Iain Dale 7pm - 10pm
Harry Dunn death: US calls bid to extradite Anne Sacoolas 'highly inappropriate'
11 January 2020, 00:18
The US State Department has labeled the UK's request to extradite the suspect charged in connection with the death of Harry Dunn as "highly inappropriate."
Home Secretary Priti Patel sent an extradition notice to the US Justice Department for Anne Sacoolas over the death of the young motorcyclist in a road accident in August.
Ms Sacoolas, a US diplomat's wife, left the UK after the fatal crash in which she hit British teenager outside RAF Croughton in Northamptonshire last year.
She was charged with dangerous driving by the CPS in December, but has remained in the US claiming diplomatic immunity.
Confirming the extradition request, a spokesman for the Home Office said: "Following the Crown Prosecution Service's charging decision, the Home Office has sent an extradition request to the United States for Anne Sacoolas on charges of causing death by dangerous driving.
"This is now a decision for the US authorities."
However, the US Department for State said its position had always been that Ms Sacoolas had diplomatic immunity, stating that a request to extradite somebody with immunity would be an abuse.
A spokesman said the United States has a strong law enforcement relationship with the UK and, in particular, a strong track record of close cooperation on extradition matters.
But they added that under the circumstances of this case, they strongly believe that an extradition request would be highly inappropriate.
The spokesman said they will continue to engage with the UK government and said they have been transparent on all matters, both legal and diplomatic.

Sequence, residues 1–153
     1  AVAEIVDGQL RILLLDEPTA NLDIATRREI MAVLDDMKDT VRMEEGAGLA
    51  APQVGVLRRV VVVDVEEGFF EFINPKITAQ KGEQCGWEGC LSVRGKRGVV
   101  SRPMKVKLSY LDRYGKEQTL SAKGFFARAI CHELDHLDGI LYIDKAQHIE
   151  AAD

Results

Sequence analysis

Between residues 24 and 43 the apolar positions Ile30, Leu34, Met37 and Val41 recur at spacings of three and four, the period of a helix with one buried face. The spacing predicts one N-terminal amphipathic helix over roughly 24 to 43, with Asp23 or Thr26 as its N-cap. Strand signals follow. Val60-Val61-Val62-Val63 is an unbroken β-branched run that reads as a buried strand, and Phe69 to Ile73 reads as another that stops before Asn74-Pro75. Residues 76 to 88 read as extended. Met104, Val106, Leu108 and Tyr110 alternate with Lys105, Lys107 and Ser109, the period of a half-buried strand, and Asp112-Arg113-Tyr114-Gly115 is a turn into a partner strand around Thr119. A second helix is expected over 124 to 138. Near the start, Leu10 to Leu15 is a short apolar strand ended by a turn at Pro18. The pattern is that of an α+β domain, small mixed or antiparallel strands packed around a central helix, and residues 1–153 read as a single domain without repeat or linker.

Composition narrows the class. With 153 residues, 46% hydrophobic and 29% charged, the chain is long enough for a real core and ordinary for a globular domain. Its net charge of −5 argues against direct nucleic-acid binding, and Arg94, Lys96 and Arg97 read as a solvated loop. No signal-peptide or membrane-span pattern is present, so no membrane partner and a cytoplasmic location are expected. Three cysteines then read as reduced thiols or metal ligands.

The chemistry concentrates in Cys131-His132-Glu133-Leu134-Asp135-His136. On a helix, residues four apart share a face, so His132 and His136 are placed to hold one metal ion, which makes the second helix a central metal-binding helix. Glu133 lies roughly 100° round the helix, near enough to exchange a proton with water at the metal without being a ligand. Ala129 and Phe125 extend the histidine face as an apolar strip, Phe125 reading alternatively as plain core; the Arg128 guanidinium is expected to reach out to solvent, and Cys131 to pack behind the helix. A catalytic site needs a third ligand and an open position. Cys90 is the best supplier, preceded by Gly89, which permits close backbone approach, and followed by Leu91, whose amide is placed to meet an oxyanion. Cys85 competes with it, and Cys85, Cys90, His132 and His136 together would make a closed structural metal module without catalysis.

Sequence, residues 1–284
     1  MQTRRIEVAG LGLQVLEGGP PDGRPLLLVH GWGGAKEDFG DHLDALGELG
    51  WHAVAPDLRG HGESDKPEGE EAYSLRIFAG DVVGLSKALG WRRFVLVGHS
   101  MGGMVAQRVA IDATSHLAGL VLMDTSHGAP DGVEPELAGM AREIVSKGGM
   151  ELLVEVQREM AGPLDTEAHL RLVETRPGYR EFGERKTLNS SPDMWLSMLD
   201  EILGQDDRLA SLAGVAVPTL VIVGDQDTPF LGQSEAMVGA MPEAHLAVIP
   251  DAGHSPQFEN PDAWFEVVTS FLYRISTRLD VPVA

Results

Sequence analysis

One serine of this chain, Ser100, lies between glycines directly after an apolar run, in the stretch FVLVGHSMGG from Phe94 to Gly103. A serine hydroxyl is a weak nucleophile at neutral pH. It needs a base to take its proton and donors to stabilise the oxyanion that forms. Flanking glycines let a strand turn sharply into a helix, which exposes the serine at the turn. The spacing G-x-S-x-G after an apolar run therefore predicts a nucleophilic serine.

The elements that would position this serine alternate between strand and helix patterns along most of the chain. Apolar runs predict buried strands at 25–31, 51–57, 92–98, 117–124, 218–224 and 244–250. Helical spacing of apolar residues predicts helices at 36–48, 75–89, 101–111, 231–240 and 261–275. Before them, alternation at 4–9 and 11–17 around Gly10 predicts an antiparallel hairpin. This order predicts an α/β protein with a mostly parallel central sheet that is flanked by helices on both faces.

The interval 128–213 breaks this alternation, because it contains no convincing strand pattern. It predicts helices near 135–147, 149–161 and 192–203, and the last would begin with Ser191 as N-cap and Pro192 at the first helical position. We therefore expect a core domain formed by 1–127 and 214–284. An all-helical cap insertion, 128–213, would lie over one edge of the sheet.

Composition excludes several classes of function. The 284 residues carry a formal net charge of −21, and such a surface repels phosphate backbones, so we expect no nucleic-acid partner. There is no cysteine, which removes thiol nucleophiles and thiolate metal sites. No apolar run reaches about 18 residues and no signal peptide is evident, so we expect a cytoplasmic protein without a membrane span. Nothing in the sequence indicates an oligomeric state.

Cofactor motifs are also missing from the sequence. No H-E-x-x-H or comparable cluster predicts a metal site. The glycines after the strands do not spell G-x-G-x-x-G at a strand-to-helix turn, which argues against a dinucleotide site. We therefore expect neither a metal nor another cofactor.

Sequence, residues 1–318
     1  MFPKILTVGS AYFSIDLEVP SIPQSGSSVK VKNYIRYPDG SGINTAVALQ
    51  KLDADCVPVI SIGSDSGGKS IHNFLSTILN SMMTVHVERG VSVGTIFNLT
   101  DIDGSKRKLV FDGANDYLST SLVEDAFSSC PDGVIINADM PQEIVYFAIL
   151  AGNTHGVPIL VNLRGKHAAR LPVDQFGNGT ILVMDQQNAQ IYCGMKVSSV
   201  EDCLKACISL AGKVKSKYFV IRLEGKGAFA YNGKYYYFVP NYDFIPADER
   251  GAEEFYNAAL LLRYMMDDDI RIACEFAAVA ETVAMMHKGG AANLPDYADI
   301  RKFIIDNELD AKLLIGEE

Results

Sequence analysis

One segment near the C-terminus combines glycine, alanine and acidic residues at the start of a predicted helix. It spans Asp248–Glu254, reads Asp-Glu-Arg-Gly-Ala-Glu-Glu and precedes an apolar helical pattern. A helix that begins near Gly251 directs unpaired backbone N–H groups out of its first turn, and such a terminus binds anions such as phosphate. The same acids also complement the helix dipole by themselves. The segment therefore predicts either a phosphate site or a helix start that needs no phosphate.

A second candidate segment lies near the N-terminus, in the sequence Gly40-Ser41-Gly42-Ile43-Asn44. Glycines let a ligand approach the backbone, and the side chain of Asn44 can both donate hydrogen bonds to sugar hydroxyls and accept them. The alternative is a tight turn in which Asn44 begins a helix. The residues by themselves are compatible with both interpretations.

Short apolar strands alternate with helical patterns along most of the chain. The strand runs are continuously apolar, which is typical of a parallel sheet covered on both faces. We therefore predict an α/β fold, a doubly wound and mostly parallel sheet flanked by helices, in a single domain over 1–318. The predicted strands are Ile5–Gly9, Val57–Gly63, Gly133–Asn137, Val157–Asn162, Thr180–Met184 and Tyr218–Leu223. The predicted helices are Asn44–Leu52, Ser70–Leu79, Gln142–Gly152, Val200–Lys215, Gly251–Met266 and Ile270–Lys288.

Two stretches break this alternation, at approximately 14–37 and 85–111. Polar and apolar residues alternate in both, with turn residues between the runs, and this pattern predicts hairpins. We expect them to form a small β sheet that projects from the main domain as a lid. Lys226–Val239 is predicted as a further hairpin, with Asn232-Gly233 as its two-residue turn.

Reacting to the extradition request on behalf of Harry Dunn's family, spokesman Radd Seiger said: "I have learned that the extradition request for Anne Sacoolas has been delivered today to the United States Department of Justice in accordance with the requirements laid out in the treaty between the two countries and I have notified the parents.
"This will not of course bring Harry back, but in the circumstances of all that this family have been through, they are pleased with the development and feel that it is a huge step towards achieving justice for Harry and making good on the promise that they made to him on the night he died that they would secure justice for him.
"Despite the unwelcome public comments currently emanating from the US administration that Anne Sacoolas will never be returned, Harry's parents, as victims, will simply look forward to the legal process unfolding, as it must now do, confident in the knowledge that the rule of law will be upheld."
Harry Dunn's parents have been fighting for justice for their son since the crash. They claimed they had been repeatedly "lied to" by officials until Ms Sacoolas was charged.
A Northamptonshire Chief Constable wrote to the family in December to apologise for a "breakdown" in communications.
The 19-year-old's parents went to the USA where Harry Dunn's mother said the American woman suspected of causing her son's death, should be brought back to the UK to face justice, saying: "It's the right thing to to do. It's the humane thing to do."
The family has also had meetings with Home Secretary Priti Patel and Foreign Secretary Dominic Raab.